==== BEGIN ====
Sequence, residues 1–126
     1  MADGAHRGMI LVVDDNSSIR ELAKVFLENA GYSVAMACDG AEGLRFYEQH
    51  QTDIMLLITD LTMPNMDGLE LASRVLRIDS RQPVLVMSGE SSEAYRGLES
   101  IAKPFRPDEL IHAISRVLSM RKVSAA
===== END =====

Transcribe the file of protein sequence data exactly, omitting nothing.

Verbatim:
Sequence, residues 1–126
     1  MADGAHRGMI LVVDDNSSIR ELAKVFLENA GYSVAMACDG AEGLRFYEQH
    51  QTDIMLLITD LTMPNMDGLE LASRVLRIDS RQPVLVMSGE SSEAYRGLES
   101  IAKPFRPDEL IHAISRVLSM RKVSAA